# Thread: Proof regarding cycles of even or odd length

1. ## Proof regarding cycles of even or odd length

I'm having difficulty expressing the proof, even though the statement to be proved seems obvious to me.

Prove: $\displaystyle \alpha^2$ is a cycle iff the length of the cycle $\displaystyle \alpha$ is odd.

What I've got in my head is that if $\displaystyle \alpha=(a,b)$ then $\displaystyle \alpha^2=(a)(b)$. Then if we add another 2 elements c and d, $\displaystyle \alpha=(a,b,c,d)$, making $\displaystyle \alpha^2=(a,c)(b,d)$. The pattern will obviously continue, giving 2 disjoint cycles where the elements alternate for a beginning cycle of any even length. I just need some help assembling my rambling intuitive understanding of the problem into a proper proof.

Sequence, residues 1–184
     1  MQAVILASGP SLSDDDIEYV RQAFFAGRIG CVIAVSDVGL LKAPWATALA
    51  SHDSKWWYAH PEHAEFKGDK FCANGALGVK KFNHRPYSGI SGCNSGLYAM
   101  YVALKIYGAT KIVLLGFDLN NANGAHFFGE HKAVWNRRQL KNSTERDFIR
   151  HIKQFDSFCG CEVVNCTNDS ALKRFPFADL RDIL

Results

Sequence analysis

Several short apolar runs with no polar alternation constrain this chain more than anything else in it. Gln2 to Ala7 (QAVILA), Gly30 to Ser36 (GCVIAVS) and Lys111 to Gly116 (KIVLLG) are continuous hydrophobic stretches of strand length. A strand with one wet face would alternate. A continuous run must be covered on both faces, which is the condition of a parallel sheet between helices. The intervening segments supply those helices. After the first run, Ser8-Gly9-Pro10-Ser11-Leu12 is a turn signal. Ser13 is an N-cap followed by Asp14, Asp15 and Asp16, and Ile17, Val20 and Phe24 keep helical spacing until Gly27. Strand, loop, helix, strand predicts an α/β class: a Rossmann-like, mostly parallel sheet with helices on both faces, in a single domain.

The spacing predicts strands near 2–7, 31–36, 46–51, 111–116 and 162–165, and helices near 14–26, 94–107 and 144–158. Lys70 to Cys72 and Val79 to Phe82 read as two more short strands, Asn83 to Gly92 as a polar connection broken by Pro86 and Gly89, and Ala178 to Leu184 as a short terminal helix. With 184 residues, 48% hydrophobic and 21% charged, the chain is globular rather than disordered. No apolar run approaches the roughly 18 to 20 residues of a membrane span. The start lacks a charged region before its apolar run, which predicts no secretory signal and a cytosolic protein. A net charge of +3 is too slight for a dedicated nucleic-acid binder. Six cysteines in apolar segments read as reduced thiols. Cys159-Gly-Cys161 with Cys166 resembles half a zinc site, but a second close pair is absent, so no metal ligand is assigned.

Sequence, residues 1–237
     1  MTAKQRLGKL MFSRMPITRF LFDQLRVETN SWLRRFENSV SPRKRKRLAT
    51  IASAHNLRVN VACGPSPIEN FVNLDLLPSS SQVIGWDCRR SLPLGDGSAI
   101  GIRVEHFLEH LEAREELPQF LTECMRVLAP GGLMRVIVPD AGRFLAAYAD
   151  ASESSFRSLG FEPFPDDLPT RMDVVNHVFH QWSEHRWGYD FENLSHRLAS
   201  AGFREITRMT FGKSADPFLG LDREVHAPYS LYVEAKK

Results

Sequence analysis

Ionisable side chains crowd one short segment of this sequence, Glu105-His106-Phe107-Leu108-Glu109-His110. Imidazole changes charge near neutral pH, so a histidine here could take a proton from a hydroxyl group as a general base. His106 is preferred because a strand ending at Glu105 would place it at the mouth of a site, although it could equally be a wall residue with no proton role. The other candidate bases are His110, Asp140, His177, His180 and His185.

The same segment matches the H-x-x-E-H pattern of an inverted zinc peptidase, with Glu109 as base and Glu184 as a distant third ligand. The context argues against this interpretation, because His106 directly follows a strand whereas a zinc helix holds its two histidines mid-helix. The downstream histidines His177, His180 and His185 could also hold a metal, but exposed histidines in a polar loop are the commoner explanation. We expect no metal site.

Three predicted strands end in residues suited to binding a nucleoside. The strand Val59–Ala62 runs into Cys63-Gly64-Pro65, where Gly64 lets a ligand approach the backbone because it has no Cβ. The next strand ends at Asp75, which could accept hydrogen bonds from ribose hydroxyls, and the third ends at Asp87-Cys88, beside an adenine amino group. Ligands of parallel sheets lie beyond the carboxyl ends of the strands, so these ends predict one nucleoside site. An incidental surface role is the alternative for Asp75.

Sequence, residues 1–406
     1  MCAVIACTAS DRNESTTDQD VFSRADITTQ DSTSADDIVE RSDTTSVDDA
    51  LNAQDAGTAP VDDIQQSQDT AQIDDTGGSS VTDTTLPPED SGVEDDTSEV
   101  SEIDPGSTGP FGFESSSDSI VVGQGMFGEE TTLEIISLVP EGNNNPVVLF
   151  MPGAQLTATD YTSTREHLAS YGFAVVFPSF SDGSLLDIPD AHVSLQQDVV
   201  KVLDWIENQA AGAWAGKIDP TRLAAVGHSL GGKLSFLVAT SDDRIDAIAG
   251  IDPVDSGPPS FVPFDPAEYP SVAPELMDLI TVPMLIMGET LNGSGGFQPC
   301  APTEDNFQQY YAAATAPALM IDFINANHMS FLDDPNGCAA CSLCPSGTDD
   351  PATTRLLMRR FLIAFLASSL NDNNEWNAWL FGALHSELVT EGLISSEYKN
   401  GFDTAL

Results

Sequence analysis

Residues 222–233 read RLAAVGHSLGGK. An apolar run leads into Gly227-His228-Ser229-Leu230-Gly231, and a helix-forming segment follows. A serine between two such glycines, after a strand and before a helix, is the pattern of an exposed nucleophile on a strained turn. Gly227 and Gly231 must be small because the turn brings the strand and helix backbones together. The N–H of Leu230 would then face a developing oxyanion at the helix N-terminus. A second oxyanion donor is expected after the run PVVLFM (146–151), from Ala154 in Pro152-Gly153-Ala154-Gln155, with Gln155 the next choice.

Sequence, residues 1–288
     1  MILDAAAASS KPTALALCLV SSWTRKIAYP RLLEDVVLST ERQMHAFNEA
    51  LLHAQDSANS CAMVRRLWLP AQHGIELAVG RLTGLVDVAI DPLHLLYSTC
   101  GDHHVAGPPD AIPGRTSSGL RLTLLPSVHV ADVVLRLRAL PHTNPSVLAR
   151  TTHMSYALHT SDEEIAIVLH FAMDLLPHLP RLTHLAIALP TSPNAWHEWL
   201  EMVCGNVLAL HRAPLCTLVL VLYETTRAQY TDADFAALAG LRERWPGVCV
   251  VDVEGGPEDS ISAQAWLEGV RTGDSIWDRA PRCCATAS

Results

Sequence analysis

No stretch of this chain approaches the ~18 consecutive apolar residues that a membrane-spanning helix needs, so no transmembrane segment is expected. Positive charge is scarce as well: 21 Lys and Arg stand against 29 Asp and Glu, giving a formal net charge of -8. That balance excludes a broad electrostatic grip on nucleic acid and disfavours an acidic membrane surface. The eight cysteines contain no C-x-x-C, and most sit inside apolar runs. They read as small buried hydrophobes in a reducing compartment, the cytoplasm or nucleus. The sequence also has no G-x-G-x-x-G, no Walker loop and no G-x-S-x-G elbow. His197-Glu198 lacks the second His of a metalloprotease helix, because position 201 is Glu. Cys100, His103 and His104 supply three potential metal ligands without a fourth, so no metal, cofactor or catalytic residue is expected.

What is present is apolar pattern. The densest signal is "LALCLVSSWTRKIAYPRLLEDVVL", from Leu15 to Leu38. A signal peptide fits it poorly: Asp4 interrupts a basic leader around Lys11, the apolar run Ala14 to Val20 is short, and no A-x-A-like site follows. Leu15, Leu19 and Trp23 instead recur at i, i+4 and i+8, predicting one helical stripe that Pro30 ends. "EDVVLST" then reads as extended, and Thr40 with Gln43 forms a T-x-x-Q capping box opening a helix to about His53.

EDIT: fixed tex tags

2. ## Re: Proof regarding cycles of even or odd length

what you want to prove, is that if α is a n-cycle, with α = (a1 a2 ... an),

then αk sends aj to aj+k (mod n) (you can do this by induction on k).

now if n is even, say n = 2m, then α2 sends:

a1→a3→...→an-1→a1 (since n-1 = 2m -1 is odd)

a2→a4→...→an→a2

that is α2 = (a1 a3 ... an-1)(a2 a4 ... an),

so α splits into 2 disjoint m-cycles.

but if n is odd, say n = 2m+1, so that n-2 is odd, then:

α2 = (a1 a3 .... an-2 an a2 a4 ... an-1),

which is an n-cycle.